One big concern we had going into this game was regarding the microtransactions, and whether we'd have the opportunity to buy better equipment and thus sabotage the balance of the basic game itself. Yes, there are of course micro-purchases here. Most things are related to cosmetic items, such as light green weapons-skins and blood-red grenades, but there is also the opportunity to buy laser sights, larger magazines, silencers, and more. The thing here, though, is that it never feels as greedy, hard-pressed and "necessary" as in, say, Mario Kart Tour or Real Racing 3. Instead, it becomes a bit of a bonus that never gets sent into the player's face with giant, graphic signs.
On top of that, we played Call of Duty: Mobile for just over a week without plugging in a single penny and won as many matches as we did after testing the purchase system and trading XP points (we bought a laser sight and a "faster "magazine). Microtransactions and pay-to-win are an abomination, basically, but here microtransactions have been implemented tastefully and in the background, with most of them applying to cosmetics. Despite that, it's understandable that some will still be worried about paying for in-game elements.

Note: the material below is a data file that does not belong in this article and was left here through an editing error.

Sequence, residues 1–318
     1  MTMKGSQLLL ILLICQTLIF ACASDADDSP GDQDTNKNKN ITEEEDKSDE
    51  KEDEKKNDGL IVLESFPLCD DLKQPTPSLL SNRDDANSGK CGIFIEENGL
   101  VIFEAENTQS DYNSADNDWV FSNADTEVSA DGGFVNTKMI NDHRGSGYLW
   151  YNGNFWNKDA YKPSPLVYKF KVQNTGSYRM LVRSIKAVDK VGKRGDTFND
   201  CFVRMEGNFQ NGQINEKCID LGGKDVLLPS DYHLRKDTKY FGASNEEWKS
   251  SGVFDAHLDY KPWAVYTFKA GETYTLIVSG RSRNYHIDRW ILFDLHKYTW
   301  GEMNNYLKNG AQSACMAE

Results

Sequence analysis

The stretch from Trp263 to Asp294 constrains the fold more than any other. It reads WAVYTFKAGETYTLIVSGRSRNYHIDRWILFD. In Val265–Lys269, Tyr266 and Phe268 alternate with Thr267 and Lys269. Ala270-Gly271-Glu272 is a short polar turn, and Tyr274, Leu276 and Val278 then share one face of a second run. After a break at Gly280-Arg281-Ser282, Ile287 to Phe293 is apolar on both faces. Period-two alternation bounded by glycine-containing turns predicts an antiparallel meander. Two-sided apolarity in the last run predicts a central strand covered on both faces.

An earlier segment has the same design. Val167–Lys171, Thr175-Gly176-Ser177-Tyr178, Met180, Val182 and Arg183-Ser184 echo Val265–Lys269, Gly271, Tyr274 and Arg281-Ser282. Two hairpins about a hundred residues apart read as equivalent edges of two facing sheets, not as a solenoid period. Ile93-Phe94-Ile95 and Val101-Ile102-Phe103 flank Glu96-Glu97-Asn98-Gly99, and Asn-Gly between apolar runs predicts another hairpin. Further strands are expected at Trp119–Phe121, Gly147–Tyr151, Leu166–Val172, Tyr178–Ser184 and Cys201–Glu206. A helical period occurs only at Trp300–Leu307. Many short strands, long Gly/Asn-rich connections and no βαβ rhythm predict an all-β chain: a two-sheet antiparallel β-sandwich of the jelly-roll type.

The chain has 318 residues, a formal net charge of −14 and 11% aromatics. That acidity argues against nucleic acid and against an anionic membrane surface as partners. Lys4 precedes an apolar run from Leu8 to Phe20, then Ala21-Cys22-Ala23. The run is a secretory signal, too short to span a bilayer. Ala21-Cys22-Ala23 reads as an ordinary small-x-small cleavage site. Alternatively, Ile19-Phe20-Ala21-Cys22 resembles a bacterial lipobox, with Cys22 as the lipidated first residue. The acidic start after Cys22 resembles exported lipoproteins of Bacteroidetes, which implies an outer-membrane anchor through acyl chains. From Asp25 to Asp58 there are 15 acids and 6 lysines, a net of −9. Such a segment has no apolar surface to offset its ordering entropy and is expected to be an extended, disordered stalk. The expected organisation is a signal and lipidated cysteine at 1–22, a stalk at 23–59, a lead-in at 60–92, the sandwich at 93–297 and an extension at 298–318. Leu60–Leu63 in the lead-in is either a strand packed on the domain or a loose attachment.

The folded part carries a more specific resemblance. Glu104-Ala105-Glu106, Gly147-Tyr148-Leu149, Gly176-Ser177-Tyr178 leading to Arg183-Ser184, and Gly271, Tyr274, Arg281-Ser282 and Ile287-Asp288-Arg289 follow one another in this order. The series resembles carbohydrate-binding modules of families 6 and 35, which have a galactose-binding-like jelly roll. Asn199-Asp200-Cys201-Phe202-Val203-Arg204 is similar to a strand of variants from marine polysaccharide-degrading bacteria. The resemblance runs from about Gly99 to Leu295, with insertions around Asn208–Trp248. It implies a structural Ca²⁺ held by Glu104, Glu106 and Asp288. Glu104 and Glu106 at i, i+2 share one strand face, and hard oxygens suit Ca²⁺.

In terms of the visuals and sound, Call of Duty: Mobile is a real treat, and you can even customise shadows, lighting, particles, smoke, and frame-rate, tailoring the experience to your phone of choice. Maps, character models, weapons, and effects really look great, and on both iPhone XS and iPhone 11, Call of Duty: Mobile runs just perfectly with all settings on max. The sound is also really good, with lovely acoustics and a nice speaker voice informing who is doing what and which team is leading the ongoing match.
The presentation is great, too. It's a bit cluttered at first, but not too cluttered, and given how rich this game system really is (skins, perks, badges, upgrades, loadouts, streaks), Tencent has done a brilliant job of putting things in the right place to create as little confusion as humanly possible.
We've never tested a large-scale, fully-fledged action game for mobile platforms that even comes close to Call of Duty: Mobile. It feels like the real thing, rather than a mobile game that has shrunk the experience, and that's why we have to give praise to Tencent and Activision for converting the tried and tested formula so neatly into this new format.